Friday, May 25, 2012

Quinoa-Crust Pizza, Gluten-Free, Dairy-Free


This recipe is a lot of fun. I think it's fun for anyone, but if you don't eat gluten, it may be extra fun. I saw it on Tasty Eats at Home, and the description of a chewy pizza crust with olive oil-crisped edges made with little more than quinoa and water sounded too interesting not to try.

You don't even have to steam the quinoa! Just soak it for at least 8 hours, then puree in a food processor or blender with enough water to make a batter. Then you pour it into a hot skillet with a slick of olive oil, listen to it sizzle and bake until golden brown. Add your toppings (I really loaded it up as you can see--maybe a bit too much!), heat 'em up and enjoy.

This reminds me of socca, the chickpea flour flatbread that I absolutely love, yet the flavor and texture are very different. Both are great (gluten-free!) alternatives to traditional pizza crust. Socca is usually eaten as a mostly unadorned flatbread, but I make a slightly thick version and use it as a base for all manner of pizza toppings. When it comes to this quinoa crust, I like the texture so much, I'd happily eat it plain.


Before I get to the recipe, I need to back track. The lovely quinoa pizza you see above was not my first attempt at the recipe. I had some red quinoa that had been languishing forever in my cupboard, so I used that. I always thought the red variety cooked in an identical manner to the more common light brown (blond?) variety, but in the case of this recipe, it didn't work. 

Actually, it sort of worked. After soaking overnight, it baked up into a cohesive base for my pizza, but the individual grains remained largely intact--more like a quinoa cake than a batter. There was no soft chewy center, like I was hoping for. I pureed the heck out of it, so that wasn't the problem. Maybe the red quinoa is naturally firmer, or maybe mine was way to old and dried out. Anyway, I was so curious to see if the light quinoa would be different, and it was! Happy ending:)

Here is the red quinoa version, half cheesy, half dairy-free.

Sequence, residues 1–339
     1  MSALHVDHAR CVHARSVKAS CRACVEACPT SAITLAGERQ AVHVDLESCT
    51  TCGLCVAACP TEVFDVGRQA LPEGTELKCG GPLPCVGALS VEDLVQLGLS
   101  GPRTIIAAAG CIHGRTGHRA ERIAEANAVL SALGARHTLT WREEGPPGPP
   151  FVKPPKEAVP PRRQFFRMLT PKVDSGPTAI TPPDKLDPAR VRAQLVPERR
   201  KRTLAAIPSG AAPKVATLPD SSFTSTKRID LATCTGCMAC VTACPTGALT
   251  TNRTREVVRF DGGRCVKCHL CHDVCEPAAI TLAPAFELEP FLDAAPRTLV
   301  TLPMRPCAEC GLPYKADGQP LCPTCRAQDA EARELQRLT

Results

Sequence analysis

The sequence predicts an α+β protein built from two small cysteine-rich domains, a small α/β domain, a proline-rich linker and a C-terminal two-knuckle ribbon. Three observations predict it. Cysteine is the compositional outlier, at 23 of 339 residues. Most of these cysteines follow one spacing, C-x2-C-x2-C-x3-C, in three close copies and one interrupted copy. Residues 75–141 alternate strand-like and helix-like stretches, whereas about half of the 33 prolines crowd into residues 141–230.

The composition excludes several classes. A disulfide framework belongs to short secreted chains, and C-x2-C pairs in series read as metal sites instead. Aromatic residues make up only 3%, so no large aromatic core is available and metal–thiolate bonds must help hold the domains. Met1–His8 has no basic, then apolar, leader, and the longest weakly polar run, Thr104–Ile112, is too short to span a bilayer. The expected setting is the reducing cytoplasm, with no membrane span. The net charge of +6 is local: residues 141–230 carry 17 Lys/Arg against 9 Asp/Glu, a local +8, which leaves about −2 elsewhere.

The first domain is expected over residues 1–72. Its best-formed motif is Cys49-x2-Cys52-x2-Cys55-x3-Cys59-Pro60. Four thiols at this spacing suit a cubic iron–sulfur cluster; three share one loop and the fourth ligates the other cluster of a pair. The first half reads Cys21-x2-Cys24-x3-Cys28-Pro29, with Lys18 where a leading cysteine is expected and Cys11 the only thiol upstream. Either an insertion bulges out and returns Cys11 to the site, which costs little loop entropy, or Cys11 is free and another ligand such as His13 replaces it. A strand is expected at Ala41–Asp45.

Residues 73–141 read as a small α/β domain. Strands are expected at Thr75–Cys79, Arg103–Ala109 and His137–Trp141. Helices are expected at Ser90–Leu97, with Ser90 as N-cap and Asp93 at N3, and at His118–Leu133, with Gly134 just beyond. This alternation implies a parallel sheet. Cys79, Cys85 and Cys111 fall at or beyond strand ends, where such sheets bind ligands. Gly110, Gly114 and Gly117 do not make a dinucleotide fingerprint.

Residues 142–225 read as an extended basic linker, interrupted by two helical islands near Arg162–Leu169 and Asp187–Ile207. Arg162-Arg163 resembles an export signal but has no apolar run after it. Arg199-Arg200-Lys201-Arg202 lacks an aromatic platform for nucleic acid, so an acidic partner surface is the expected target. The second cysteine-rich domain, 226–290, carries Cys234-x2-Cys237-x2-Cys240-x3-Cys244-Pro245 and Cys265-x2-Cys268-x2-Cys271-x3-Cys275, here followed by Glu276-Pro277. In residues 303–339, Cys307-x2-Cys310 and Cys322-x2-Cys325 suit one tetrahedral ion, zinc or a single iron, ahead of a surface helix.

You can see the individual grains--not ideal!

Quinoa-Crust Pizza, Gluten-Free, Dairy-Free
Adapted from Tasty Eats at Home
The quinoa must soak for 8 hours or overnight, so plan accordingly! You need a heavy, oven-proof skillet--cast iron is ideal. The quinoa batter should be the consistency of a slightly thin pancake batter. It will not be perfectly smooth, but the individual grains should not remain intact. You can season this with any dried or fresh herbs or spices you want. As far as toppings go, have fun!

Serves 3 to 4

1 1/4 cups light brown (not red) quinoa
7 to 8 tablespoons water
1/4 to 1/2 teaspoon salt
1/4 to 1/2 teaspoon dried herbs (such as thyme, rosemary, oregano, herbs de Provence)
Freshly ground black pepper
2 tablespoons olive oil

Rinse quinoa in a fine mesh sieve. Add to a large bowl, cover with cold water and soak at least 8 hours or overnight. 

Place a 10-inch (measured across the base) cast iron skillet or heavy, oven-proof skillet on a rack in the center of the oven and preheat to 450 F. Rinse and drain quinoa. Add to food processor or blender. Add 7 tablespoons water, and salt, herbs and pepper to taste. Puree until individual grains are no longer intact and mixture is the consistency of slightly runny pancake batter, 2 to 3 minutes. Add additional tablespoon of water to thin if necessary.  

Take the hot skillet out of the oven and add the oil. Return to oven until oil is hot and shimmering, 1 to 2 minutes. Swirl the oil around the pan to coat and add the quinoa batter, spreading the batter and shaking the pan to form an even layer. Return to oven and cook until bottom side is golden, 10 minutes. Flip with a large spatula (crust should flip easily) and cook until opposite side is golden brown, 10 minutes more. 

Switch oven to broil. Flip again and add your toppings. Still in the center of the oven, broil until toppings are hot and cheese is melted, if you are using cheese, 1 to 3 minutes. Watch carefully to avoid burning. If you'd rather not broil, just return to the oven and bake until toppings are heated through. Slide pizza out of the skillet, cut into wedges and serve.

7 comments:

Igloo said...

I *need* to use quinoa in my cooking more.

low calorie recipes said...

I believe it might have a lot of ingredients in it, Also it looks good to eat.

essays said...

I love it for night time ! I like this pizza very much !

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